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#AESmtg14 highlights: Frontal lobe epilepsy: semiology and cognitive aspects

Here is my live-tweeting from this Special Interest Group session from the 2014 Annual Meeting of the American Epilepsy Society on Dec. 7 in Seattle, WA, collected on Storify.

This session in fact turned into one long presentation by Prof. Patrick Chauvel, from the CHU of Marseille. And it was a truly masterful lesson, with many fascinating video-intracranial EEG presentations of patients with epilepsy involving the prefrontal lobe. Dr. Chauvel drew anatomical-electrical-clinical correlates from each patient to build a systematic approach to these poorly understood epilepsies.

#AESmtg14 highlights: What parts of the brain are active during seizures?

Here is my live-tweeting from this Investigators’ Workshop from the 2014 Annual Meeting of the American Epilepsy Society on Dec. 7 in Seattle, WA, collected in Storify.

Very interesting, thought-provoking session focusing in part on high-density micro-electrode array recordings of seizures in human patients (“Utah array”). The speakers were:

#AESmtg14 highlights: do focal seizure networks matter?

Here is my live-tweeting from this Investigators’ Workshop from the 2014 Annual Meeting of the American Epilepsy Society on Dec. 7 in Seattle, WA, collected in Storify.

This was a great session with many provocative ideas (starting with the title!), chaired by Dr. Jean Gotman from the Montreal Neurological Institute. The general discussion at the end of the presentations yielded several outstanding questions and exchanges between the panelists and the audience. The speakers were:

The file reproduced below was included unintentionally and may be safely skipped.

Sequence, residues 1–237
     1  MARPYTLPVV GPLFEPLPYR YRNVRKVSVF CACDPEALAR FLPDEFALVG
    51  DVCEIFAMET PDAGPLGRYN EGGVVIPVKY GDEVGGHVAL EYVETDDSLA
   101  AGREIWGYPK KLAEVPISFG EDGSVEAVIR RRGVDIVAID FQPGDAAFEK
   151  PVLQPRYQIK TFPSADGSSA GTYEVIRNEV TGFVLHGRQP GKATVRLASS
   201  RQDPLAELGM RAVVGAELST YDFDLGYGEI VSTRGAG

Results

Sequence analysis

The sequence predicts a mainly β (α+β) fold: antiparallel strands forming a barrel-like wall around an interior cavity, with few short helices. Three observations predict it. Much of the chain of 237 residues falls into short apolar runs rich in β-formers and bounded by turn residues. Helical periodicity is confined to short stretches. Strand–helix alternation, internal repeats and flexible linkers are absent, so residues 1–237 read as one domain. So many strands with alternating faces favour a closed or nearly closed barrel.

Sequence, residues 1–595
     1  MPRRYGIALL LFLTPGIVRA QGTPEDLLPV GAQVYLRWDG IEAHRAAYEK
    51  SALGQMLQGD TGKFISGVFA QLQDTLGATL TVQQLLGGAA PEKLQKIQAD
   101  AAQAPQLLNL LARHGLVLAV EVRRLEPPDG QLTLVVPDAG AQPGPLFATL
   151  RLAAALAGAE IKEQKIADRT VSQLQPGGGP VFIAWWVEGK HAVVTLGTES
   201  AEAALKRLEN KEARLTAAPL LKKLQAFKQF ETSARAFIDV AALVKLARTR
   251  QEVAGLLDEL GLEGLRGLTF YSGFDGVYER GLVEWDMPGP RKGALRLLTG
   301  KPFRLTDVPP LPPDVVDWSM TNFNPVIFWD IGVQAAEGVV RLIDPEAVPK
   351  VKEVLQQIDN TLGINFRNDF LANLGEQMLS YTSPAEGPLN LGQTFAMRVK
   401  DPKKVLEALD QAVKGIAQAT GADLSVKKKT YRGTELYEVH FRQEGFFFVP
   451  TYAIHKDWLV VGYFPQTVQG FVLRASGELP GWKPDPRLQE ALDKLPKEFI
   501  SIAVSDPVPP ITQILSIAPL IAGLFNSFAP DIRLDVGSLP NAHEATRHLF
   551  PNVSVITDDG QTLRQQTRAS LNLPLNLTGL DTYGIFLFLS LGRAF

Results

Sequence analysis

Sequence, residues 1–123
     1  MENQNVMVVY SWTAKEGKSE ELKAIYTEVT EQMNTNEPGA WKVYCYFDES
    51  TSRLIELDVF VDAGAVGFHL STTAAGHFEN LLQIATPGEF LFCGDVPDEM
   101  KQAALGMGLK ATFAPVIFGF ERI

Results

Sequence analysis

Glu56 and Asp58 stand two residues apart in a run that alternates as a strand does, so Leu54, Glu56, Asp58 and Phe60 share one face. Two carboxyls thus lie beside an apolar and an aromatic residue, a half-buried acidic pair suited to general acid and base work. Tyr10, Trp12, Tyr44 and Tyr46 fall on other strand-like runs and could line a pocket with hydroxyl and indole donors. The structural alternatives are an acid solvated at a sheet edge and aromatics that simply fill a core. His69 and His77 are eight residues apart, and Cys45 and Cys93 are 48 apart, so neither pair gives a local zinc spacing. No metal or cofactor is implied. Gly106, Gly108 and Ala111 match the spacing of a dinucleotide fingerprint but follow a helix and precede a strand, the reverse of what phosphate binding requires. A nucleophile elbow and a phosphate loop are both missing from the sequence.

#AESmtg14 highlights: ictal semiology helps to localize the seizure onset zone

Here is my live-tweeting from this Special Interest Group session from the 2014 Annual Meeting of the American Epilepsy Society on Dec. 6 in Seattle, WA, collected in Storify.

These sessions, where very experimented clinicians and neurophysiologists discuss the relationships between the clinical features of seizures (semiology) and the brain areas involved in the seizure revealed by intracranial EEG, are extremely valuable to young clinicians and researchers interested in epilepsy and its neurophysiological underpinnings. The speakers for this session were:

#AESmtg14 highlights: dense array EEG and source localization in clinical practice

Here is my live-tweeting from this Special Interest Group session from the 2014 Annual Meeting of the American Epilepsy Society on Dec. 5 in Seattle, WA, collected in Storify.

EEG source imaging is a particular forte of the group where I did my PhD, Christoph Michel’s Functional Brain Mapping Laboratory, at the University of Geneva Medical Faculty and Geneva University Hospitals, and of Margitta Seeck’s Epilepsy and EEG unit at Geneva University Hospitals where I trained in clinical neurophysiology and epileptology. I had a hugely rewarding feeling when some of the work I contributed to was presented at the session (first time ever for me)!

The speakers at the session were:

#AESmtg14 highlights: Epilepsy as a spectrum disorder (or, another conference already?!)

I have been extremely lucky this year to be able to attend both the Society for Neuroscience’s (#SfN14) and the American Epilepsy Society’s (#AESmtg14) annual meetings in close succession. And as I did for the SFN, I will be live-tweeting and blogging about the AES meeting over the next few days.

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To get started, here is a Storify collection of my live-tweeting of the opening lecture, the Judith Hoyer lecture, given by Dr. Frances Jensen from the University of Pennsylvania. Dr. Jensen made the case for envisioning epilepsy as a spectrum disorder. In my opinion, it was the ideal way of opening the meeting, with insightful and thought-provoking ideas on how to broaden our vision of epilepsy research.

Stay tuned for more exciting research on epilepsy, its neural underpinnings, its consequences and its therapies from #AESmtg14!